HELENA – The Montana Historical Society came up empty again in its attempt to obtain money from the Legislature to proceed with plans to build its new Montana Heritage Center.
Although the 2013 Legislature voted to spend nearly $55 million for new and renovated university system buildings, the Montana Historical Society wound up being left off the final list in its request for $23 million.
Montana State University also was turned down in its request for $20 million to turn Romney Gym into a student academic center in Bozeman.
Two years ago, the Historical Society project was on a list of nearly $100 million worth of building projects that were to be funded by issuing bonds. That required a two-thirds majority vote and ultimately died when it failed to obtain the super-majority in the final House vote so nothing passed.
“We appreciate being considered this year,” Historical Society Director Bruce Whittenberg said Thursday. “I know the governor supports this idea, and we intend to tell the story of the Historical Society and are hopeful we’ll have a better result next session.”
In 2015, the Historical Society will celebrate its 150th anniversary. It was created in 1865, one year after Montana became a territory.
“That would be a wonderful time to pass the legislation to get this project going,” Whittenberg said.
Gov. Steve Bullock said he was disappointed that money for the Historical Society building and Romney Hall weren’t included in the list of projects that were funded.
“It just makes sense for Montana,” he said. “It’s real unfortunate we didn’t get that done.”
Bullock had proposed the original bonding bill for university buildings and the Historical Society, calling it the JOBS bill for Jobs and Opportunities by Building Schools. He said it not only would provide more than 2,000 construction jobs but would be used to train the workers of future.
Rep, Galen Hollenbaugh, D-Helena, who has sponsored the bonding bills the past two sessions, was disappointed the Historical Society again wasn’t funded.
“If I’m back, I’ll be working on this project and hoping the third time will be the charm,” he said.
Hollenbaugh said he has had some difficulty explaining to his colleagues that the Montana Historical Society is not a local museum, but a statewide one and an important one.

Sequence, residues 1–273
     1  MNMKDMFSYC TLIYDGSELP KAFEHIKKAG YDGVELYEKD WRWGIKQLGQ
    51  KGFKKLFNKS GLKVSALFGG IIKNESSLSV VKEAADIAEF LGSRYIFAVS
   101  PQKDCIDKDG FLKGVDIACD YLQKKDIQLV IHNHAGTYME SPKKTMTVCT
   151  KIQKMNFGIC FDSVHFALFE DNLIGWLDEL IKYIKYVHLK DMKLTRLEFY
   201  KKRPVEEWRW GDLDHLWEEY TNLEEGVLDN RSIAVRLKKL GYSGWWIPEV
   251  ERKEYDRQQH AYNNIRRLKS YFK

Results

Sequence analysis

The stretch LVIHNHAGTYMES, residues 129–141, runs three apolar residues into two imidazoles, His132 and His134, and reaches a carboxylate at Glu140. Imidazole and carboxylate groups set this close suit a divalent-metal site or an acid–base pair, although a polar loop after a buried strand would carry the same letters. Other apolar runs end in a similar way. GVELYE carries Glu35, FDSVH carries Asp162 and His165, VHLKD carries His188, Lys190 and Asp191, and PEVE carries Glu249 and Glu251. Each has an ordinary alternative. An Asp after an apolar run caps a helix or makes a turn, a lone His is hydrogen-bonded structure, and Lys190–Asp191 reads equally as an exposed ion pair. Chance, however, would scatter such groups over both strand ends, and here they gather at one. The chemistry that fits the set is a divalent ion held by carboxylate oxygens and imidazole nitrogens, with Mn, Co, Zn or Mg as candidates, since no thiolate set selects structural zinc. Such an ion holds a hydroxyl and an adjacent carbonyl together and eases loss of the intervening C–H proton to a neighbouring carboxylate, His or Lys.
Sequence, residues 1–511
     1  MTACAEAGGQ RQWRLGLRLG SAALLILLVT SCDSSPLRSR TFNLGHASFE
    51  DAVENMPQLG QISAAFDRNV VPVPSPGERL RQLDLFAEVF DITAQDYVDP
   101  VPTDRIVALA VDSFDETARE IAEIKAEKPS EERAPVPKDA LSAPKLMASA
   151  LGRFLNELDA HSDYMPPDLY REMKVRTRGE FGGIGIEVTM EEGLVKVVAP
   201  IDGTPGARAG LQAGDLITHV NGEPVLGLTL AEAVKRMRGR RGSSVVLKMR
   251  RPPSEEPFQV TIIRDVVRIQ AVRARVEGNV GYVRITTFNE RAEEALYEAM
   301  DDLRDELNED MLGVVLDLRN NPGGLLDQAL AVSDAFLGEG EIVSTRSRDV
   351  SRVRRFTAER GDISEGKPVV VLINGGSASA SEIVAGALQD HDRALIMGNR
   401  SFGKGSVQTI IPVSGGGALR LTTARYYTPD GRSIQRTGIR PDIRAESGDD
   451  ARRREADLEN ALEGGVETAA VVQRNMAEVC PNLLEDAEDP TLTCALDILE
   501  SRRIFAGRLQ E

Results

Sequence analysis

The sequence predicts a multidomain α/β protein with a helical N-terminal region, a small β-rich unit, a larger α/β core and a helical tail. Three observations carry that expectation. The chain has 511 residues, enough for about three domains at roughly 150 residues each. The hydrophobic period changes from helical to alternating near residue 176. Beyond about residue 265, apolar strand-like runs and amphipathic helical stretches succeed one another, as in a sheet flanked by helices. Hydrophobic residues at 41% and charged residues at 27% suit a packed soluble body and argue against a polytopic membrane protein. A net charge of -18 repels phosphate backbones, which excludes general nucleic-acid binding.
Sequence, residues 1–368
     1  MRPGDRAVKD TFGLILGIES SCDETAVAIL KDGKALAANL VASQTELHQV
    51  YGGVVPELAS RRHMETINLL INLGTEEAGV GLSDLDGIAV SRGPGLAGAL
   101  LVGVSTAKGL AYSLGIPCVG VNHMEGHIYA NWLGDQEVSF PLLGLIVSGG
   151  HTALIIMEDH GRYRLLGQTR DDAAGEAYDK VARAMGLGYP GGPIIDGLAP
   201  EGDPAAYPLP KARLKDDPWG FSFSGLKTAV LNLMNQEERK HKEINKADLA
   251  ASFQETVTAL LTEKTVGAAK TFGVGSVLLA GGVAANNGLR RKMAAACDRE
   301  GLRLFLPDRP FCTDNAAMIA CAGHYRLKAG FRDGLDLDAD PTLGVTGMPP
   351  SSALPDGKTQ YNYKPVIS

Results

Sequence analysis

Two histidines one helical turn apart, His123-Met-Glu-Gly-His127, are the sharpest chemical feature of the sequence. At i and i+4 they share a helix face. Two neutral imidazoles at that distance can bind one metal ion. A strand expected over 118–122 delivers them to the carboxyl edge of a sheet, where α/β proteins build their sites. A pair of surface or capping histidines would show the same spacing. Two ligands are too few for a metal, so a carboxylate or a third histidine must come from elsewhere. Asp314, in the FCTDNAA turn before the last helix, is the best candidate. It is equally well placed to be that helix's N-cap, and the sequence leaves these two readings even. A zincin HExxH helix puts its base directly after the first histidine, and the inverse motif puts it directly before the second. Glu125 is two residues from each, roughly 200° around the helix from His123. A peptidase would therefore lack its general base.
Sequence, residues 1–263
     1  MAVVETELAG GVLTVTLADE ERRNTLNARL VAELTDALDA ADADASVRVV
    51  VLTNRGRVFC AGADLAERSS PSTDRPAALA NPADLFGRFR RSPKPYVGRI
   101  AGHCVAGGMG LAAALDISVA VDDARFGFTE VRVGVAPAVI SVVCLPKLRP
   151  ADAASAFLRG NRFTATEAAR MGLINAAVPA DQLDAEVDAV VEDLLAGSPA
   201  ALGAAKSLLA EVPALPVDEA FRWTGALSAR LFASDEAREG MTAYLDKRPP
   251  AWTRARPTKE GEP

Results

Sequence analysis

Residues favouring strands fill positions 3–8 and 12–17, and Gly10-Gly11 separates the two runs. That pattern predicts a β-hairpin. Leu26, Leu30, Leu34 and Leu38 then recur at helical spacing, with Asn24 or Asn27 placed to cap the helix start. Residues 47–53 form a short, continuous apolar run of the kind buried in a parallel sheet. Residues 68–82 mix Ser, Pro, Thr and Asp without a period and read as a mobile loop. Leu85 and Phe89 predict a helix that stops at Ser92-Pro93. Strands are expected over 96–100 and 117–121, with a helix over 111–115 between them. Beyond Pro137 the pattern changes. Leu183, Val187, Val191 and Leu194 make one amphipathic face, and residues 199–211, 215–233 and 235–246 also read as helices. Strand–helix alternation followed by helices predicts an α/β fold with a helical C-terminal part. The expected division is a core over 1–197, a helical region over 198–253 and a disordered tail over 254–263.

“We’re going to have to work on the educational component,” he said. “It’s a state agency, and they should be funded as a state agency and not have to have bake sales to complete the project.”
The funding for the Historical Society building was originally into House Bill 14, the bonding bill, but backers faced trouble obtaining the two-thirds majority needed to pass it. As a result, the projects were stuffed into HB5, which would pay for building projects with cash.
In the Senate Finance and Claims Committee, Sen. Dave Lewis, R-Helena, removed the costliest projects from HB5, including the $23 million for the Historical Society. On the floor, he later successfully restored two of the major ones $29 million for Missoula College and $10 million for Montana State University-Billings, but not the Historical Society building.
An attempt on the Senate floor failed 28-22 to put back the Historical Society building back in HB5.
“The bottom line, it seems like a Helena project so the votes aren’t there,” Lewis said. “I had to go with the buildings that could get the votes.”
Lewis said the best chance for the Historical Society project was in the bonding bill, but it couldn’t muster the needed two-thirds votes in the House.
“With cash, there was just room for two of the four (major) buildings,” he said.
Lewis said he believes Historical Society officials need to go back and reconsider the idea of building the new facility.
“There are dozens of museums around the state,” he said. “Is there a way to take traveling exhibits and displays around the state?”
Legislators might be more supportive of spending money to buy vehicles for the Historical Society to move its displays around the state to share with local museums than paying for a new building in Helena, he said.